Chatham, a village in central Illinois, has been susceptible to flooding since the area was first developed in the 1860s. Today, many Chatham residents and business owners experience chronic basement flooding, which is caused by backups in the city sewer system and seepage through below-ground floors and walls, both of which contribute to mold problems and structural damage. Flooding is also common in yards and streets.
A guide to the Green Infrastructure Portfolio Standard for municipalities interested in sustainability and struggling with existing infrastructure and stormwater management needs.
This report examines the resources that several U.S. cities are devoting to “green infrastructure” and analyzes their early experiences with alternative stormwater management. This report defines and describes green infrastructure; discusses barriers to green infrastructure implementation by local governments; and reviews the funding and personnel devoted to green infrastructure by the Metropolitan Water Reclamation District of Greater Chicago, City of Chicago, City of Philadelphia, City of Seattle, and the Milwaukee Metropolitan Sewerage District.
The relationship between water and energy is a close one. Water requires a tremendous amount of energy to move from a reservoir or well, through the treatment process, and out into a distribution system. In addition, energy is required to process wastewater and recycle or discharge it. The energy required to operate the water and wastewater system is often called embedded energy. Despite this strong connection, the energy intensity of water and wastewater systems is relatively undocumented. There are few data sources and reports analyzing the energy required to move and treat water, and the data generally are not publicly available. ACEEE has been working to gain a better understanding of the energy embedded in water in order to help water utilities reduce costs, improve energy efficiency, and quantify the avoided energy and pollution savings that accrue as a result of water conservation programs. As part of an ongoing effort to advance the understanding of the water-energy nexus and bring attention to possible opportunities, the National Association of Water Companies (NAWC) and the American Council for an Energy-Efficient Economy (ACEEE) collaborated on a new research project to gather primary information on the amount of energy required to treat and distribute water. ACEEE and NAWC jointly produced a survey for NAWC's member companies related to their energy use and water processing. NAWC has over 100 member water and wastewater companies of varying sizes throughout the United States.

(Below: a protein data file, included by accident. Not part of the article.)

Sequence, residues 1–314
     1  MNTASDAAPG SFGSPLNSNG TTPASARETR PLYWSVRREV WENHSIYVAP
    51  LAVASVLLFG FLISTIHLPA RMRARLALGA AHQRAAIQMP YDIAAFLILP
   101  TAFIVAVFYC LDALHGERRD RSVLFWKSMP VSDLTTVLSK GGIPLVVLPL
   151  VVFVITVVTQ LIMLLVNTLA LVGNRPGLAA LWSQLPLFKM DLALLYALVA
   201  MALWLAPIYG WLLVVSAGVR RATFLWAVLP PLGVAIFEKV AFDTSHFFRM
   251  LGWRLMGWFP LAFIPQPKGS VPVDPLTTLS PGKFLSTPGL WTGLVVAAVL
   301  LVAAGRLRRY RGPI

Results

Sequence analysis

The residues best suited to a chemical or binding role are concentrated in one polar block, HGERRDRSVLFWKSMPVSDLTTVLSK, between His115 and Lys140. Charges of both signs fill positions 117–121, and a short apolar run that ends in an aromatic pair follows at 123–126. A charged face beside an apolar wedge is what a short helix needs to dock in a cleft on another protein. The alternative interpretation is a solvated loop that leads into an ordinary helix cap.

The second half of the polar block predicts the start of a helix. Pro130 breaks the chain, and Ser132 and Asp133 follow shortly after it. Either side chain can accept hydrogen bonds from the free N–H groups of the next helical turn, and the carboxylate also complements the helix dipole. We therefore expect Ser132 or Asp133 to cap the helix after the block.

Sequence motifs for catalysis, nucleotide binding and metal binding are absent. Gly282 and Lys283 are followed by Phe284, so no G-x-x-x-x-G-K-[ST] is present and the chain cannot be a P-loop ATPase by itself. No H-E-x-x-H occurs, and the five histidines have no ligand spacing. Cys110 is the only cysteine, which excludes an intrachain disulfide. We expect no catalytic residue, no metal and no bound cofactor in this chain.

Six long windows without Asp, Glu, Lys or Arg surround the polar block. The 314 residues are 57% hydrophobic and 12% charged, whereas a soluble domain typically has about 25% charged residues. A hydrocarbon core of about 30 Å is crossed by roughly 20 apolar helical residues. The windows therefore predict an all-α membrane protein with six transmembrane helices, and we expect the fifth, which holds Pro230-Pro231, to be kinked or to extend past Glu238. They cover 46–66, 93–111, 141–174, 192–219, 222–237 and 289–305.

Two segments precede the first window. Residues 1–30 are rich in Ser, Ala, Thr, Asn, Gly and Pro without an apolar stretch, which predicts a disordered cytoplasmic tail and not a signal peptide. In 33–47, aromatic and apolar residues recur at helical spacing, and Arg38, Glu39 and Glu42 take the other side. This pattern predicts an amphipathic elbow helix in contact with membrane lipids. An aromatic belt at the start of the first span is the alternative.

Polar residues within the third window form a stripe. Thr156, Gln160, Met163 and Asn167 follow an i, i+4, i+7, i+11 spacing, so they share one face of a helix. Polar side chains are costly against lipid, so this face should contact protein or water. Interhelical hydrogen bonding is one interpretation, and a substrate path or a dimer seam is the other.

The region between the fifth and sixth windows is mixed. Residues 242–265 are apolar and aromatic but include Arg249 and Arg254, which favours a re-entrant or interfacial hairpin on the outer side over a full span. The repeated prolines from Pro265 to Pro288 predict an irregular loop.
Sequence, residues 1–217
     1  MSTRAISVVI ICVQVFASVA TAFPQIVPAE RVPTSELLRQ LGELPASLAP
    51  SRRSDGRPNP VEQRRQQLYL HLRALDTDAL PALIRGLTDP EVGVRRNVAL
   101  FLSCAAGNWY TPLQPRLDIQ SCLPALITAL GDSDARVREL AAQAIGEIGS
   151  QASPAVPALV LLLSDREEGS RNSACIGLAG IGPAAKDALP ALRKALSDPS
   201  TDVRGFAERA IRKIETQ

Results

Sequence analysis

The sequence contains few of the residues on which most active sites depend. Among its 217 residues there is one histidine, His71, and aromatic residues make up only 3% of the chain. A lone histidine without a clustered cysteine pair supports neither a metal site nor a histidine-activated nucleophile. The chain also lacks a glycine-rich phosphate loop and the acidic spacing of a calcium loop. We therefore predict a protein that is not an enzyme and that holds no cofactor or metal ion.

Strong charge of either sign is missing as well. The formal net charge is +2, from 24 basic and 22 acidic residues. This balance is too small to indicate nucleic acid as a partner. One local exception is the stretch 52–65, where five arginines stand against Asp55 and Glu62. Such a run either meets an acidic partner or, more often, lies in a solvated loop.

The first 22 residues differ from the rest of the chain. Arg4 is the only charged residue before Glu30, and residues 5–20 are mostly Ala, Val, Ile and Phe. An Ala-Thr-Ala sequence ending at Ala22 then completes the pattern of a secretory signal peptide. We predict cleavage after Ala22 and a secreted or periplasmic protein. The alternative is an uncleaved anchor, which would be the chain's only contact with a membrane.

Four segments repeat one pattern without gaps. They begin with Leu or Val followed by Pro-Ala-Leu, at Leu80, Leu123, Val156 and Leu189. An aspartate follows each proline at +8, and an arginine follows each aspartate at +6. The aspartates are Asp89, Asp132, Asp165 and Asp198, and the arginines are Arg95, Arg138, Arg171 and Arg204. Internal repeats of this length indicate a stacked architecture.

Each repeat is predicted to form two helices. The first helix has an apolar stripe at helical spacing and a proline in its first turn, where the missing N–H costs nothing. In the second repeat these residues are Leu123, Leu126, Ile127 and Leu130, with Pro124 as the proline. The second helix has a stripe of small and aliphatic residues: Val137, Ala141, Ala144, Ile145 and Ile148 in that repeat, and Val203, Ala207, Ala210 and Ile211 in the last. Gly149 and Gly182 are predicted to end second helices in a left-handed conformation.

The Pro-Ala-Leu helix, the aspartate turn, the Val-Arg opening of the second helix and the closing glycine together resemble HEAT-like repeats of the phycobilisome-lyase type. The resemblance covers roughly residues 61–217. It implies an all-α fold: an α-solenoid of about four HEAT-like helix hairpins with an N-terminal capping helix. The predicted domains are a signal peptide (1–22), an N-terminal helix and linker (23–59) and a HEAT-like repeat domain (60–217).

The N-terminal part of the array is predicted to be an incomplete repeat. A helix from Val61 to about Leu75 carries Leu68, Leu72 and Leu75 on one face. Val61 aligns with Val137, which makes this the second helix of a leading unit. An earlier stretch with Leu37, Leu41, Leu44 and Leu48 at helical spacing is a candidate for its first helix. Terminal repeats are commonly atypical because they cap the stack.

In the face of climate change crisis, it is urgent for policymakers at state, local, and city level to make transition to clean and renewable energy. However, the construction of renewable projects is usually capital-intensive and requires bank’s upfront investment. Green banks help these green projects by managing and investing public capital based on following principles: supporting small projects, de-risking new technologies, and reducing perceived risks. Existing green banks have already proven that their public investment can catalyze private co-investment, and these projects earn economic benefits for private investors and consumers. The green banks could be further empowered by the establishment of National Climate Bank.